Since our early explorations of space, humans have been fascinated by the idea of other planets capable of sustaining life as we know it here on Earth. So far, Mars has been the best candidate. It is known that at one point, Mars had water, one of the key components for a life-supporting planet. What we hadn't yet discovered, though, was the specific conditions, such as temperature, of that water, which is key to solving the mystery of Mars' hospitality. 

Now, scientists have been able to discover this key information, and they have good news for those of us who are itching to know whether it has ever been possible for life to thrive on the red planet: water temperatures on Mars once ranged from 122° F to 302° F. Living things like warmth, and some living organisms thrive in just this sort of extreme warmth, such as microbes found in the thermal springs at Yellowstone, which have conditions similar to the water on Mars.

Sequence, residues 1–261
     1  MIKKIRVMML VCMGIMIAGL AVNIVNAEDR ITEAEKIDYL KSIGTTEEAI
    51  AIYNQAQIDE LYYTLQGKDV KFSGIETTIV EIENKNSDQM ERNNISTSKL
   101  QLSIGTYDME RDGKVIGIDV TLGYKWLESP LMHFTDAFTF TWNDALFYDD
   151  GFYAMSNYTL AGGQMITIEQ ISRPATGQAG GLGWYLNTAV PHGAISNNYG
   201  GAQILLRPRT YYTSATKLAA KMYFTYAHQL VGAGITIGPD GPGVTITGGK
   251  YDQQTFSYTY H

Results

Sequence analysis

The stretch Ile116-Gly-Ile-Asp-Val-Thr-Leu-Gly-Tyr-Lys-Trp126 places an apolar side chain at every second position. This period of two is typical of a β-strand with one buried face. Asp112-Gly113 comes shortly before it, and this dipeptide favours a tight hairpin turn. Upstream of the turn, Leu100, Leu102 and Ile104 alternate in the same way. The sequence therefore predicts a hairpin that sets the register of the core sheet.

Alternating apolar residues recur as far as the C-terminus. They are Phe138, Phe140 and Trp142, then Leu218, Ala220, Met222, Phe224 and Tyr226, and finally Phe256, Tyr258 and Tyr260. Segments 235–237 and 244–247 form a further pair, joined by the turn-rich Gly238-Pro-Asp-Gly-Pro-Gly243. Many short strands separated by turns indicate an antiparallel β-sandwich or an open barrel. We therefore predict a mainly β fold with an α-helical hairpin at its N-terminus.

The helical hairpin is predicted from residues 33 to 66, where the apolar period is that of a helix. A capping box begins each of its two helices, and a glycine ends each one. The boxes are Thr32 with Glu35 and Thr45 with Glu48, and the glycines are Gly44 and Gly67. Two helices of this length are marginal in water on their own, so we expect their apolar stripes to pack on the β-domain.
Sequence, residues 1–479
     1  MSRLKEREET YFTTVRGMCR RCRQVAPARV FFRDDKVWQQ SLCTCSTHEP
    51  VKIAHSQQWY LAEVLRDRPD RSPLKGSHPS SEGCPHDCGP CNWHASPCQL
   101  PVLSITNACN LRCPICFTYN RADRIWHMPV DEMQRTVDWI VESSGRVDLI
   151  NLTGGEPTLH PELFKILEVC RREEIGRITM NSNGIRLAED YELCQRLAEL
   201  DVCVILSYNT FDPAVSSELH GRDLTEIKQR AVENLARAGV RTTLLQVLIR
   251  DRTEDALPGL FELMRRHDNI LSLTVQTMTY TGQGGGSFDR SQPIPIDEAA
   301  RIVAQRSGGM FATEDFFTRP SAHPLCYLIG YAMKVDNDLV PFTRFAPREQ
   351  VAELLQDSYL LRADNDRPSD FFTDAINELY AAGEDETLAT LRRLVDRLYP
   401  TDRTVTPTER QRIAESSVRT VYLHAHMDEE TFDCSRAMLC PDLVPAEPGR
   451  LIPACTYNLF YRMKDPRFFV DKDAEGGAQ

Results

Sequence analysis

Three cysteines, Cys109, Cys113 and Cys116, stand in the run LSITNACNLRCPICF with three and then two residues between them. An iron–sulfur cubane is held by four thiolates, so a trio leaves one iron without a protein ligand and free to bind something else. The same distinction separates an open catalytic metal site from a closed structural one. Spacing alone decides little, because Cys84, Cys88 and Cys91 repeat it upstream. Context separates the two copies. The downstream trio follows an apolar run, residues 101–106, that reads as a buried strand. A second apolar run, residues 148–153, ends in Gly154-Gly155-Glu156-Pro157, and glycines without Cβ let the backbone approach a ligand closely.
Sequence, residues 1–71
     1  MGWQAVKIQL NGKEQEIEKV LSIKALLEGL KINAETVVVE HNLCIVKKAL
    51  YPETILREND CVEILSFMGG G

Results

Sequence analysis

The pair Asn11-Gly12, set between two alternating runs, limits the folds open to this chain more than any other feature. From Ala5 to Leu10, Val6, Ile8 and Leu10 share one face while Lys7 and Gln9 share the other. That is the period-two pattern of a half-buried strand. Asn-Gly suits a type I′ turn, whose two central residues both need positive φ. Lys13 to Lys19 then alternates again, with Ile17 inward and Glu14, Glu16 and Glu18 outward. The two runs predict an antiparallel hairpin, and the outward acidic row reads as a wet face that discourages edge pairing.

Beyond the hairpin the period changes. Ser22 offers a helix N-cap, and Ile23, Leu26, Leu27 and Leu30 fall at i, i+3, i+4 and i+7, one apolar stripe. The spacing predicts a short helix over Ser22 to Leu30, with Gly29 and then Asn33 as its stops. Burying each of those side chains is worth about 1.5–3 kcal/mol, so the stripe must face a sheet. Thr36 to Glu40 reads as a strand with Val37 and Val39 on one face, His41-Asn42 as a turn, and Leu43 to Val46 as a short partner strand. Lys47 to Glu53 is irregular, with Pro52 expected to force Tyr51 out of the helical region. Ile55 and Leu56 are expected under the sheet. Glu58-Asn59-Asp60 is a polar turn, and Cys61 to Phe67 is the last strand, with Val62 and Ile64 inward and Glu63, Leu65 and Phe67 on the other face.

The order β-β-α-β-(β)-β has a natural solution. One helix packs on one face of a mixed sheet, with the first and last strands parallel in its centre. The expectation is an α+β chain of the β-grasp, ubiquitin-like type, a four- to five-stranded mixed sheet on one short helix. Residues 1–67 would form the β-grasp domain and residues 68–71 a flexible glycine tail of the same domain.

This information about water temperature was deduced by John Bridges from the University of Leicester Space Research Center, who studied a special class of meteorites, nakhlites, which are only found in impact craters on Mars. From this study, scientists were able to form conclusions about the temperature of the water. This brings us one step closer to learning more about the possibility of life on Mars. 


Image by chrismeller, courtesy of Creative Commons licensing.